There was also the threat of flying into one of
several full-size buildings made from plywood that
set the stage for the full-scale air show that capped
the day’s excitement. On some weekends, there
would have been as many as 500 RC sorties flown.
As with all good things, however, the heat of
the Jamboree competition began to cool and the
emphasis slowly became one of the largest fun-fly
events in the area. With this change, the quality and
craftsmanship of the models began to improve, as
did their sizes. Although the majority of the model
airplanes that show up today for the RC Jamboree
are considered Giant Scale, the event still welcomes
all sizes and types of vintage aircraft.
RC aircraft in the Jamboree must be Scale models
of airplanes built and flown before 1939. Vintage-looking Ugly Stiks, Elders, Antics, etc., are ineligible.
Aircraft and prototypes of airplanes used in World
War II combat situations (not only used for training
purposes) also are ineligible.
Minor changes to the models to enhance flight
performance and safety (such as adding ailerons to a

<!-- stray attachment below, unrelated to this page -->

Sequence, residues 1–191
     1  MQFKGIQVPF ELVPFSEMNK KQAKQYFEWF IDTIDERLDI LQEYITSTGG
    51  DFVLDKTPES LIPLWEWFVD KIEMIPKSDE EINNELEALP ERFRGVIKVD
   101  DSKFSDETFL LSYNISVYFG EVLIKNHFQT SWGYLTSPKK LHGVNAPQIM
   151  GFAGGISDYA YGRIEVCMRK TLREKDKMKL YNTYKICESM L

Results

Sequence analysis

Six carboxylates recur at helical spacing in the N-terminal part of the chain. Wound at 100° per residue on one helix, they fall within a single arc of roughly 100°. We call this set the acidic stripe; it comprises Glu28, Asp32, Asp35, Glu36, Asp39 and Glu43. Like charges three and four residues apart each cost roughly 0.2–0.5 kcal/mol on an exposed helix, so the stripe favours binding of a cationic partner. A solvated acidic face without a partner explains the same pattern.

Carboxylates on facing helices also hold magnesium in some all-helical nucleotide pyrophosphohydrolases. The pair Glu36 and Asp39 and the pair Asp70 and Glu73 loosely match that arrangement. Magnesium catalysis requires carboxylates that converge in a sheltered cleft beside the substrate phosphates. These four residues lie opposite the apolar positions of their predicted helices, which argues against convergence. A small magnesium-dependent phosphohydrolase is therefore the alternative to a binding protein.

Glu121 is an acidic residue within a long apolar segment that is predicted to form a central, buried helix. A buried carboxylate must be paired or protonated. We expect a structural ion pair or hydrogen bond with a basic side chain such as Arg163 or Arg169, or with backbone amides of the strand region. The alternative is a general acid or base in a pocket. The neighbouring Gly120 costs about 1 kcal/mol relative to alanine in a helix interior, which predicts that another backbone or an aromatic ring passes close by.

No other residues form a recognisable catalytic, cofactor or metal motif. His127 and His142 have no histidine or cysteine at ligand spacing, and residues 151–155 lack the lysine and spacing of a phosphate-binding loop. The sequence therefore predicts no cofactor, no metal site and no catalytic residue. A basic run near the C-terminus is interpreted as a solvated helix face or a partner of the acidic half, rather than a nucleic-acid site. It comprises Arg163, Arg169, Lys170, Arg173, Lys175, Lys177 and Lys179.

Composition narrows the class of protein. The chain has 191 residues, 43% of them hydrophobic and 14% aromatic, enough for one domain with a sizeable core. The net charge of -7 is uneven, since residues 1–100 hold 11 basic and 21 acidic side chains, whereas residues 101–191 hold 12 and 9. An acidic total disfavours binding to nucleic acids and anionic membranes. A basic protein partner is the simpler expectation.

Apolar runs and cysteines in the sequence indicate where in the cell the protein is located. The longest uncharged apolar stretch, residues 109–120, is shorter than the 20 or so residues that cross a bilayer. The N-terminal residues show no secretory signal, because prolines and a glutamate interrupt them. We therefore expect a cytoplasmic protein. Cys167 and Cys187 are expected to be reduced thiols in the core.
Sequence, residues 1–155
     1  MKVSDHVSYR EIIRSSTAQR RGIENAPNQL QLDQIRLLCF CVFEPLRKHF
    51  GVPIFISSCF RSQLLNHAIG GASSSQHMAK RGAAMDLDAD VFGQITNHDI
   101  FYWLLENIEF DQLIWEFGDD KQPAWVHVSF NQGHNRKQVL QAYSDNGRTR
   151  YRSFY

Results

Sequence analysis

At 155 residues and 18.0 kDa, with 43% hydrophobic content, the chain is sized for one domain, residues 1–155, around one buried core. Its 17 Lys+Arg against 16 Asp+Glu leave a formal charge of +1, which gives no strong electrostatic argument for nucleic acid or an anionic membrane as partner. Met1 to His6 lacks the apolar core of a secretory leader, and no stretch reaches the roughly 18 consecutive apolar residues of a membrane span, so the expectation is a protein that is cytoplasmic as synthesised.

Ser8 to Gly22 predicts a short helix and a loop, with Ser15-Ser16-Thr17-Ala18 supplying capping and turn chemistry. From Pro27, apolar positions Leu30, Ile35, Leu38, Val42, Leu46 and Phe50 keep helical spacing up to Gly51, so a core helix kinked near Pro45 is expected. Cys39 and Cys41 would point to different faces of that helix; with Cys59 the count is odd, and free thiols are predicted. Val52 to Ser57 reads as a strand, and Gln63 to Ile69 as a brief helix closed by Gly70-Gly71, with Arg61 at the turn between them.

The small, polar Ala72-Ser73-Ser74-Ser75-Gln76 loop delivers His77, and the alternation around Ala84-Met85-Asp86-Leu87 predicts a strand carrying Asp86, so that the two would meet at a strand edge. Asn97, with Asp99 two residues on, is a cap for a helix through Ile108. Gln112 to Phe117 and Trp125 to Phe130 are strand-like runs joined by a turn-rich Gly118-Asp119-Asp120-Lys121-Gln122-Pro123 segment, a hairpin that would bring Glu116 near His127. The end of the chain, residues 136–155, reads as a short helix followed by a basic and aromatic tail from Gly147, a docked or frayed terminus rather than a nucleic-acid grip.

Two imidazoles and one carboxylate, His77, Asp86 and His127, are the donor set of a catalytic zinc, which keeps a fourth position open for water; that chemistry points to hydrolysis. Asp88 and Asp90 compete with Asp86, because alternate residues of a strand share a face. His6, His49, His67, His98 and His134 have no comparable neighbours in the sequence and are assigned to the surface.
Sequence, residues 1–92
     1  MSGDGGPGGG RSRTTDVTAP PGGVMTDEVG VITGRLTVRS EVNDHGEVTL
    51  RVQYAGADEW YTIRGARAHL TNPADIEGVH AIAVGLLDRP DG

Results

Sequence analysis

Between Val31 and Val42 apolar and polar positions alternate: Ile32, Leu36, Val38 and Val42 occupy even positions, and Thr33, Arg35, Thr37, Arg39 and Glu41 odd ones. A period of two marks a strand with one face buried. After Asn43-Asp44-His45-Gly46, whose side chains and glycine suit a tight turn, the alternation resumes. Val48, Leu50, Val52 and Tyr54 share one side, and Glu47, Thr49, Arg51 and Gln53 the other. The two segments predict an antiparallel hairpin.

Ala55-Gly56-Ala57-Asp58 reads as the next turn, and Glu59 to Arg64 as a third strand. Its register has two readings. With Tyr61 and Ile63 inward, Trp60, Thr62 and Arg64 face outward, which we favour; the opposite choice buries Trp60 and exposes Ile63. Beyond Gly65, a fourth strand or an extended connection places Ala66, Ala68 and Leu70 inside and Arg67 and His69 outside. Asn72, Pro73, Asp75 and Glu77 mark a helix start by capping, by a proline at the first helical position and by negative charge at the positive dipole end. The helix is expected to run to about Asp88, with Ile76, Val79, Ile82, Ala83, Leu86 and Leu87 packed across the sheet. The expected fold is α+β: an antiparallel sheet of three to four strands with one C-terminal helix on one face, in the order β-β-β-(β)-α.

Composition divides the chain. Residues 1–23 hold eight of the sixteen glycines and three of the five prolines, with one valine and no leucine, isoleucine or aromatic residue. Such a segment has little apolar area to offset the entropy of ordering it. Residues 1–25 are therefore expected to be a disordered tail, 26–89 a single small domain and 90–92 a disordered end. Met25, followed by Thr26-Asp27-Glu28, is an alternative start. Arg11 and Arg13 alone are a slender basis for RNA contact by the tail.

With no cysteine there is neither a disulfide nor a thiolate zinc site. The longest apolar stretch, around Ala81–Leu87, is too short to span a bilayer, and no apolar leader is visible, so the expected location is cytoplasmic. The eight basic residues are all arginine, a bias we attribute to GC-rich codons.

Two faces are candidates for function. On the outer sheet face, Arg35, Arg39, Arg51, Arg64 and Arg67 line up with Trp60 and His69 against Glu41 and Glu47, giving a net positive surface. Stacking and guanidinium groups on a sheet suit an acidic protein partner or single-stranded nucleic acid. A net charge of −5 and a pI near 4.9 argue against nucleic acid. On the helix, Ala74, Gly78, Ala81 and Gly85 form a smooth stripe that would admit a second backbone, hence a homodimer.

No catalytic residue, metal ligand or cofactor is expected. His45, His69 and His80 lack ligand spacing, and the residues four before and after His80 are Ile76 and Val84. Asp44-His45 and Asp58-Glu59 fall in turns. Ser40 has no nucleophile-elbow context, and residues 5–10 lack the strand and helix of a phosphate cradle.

model of an airplane that was controlled with wing
warping) are allowed, but the general shape, finish,
color, and markings of the prototype aircraft must be
In full costume and makeup, Cole Palen assumes his alter ego, the evil Black Baron of Rhinebeck. Everyone loved to hate this character for decades.
A Dream of Early Flight
Another good reason to attend the annual
Rhinebeck RC Jamboree is the wonderful collection
of aircraft in the museum. A short walk up the hill by
the parking lot brings you to a number of old hangars,
all built by Cole, that house his amazing collection of
antique and vintage aircraft.
Cole’s dream of early flight began when he
purchased six WW I airplanes from Roosevelt Field
in 1951. The first WW I-era airplane he restored
was a French Spad XIII, which he worked on in his
father’s barn. He began flying it in 1956. His Spad
XIII now resides in the National Museum of the
United States Air Force in Dayton, Ohio.
Cole purchased an old farm in 1958 with the
idea of converting the property into a small airport.
With his passion and commitment to building
and restoring old airplanes, the Old Rhinebeck
Aerodrome was born. By 1959, Cole had a short, but
rough, runway that enabled him to fly his airplanes.
Other aviation enthusiasts began to hear about his
operation. The weekend air shows began in 1960,
and in the early years, the crew putting on each show
was often larger than the audience watching.
In the mid-1960s he restored his Curtiss Jenny in
the living room of his Rhinebeck home. After several
rebuilds, it is still flying as one of the show airplanes
that performs every weekend.
After the 1993 season, Cole and his wife, Rita,
traveled to their winter home in Florida where he
also had a workshop. At the end of the year, Rita
became ill and was hospitalized. It was during this
AUGUST 2013 www.ModelAviation.com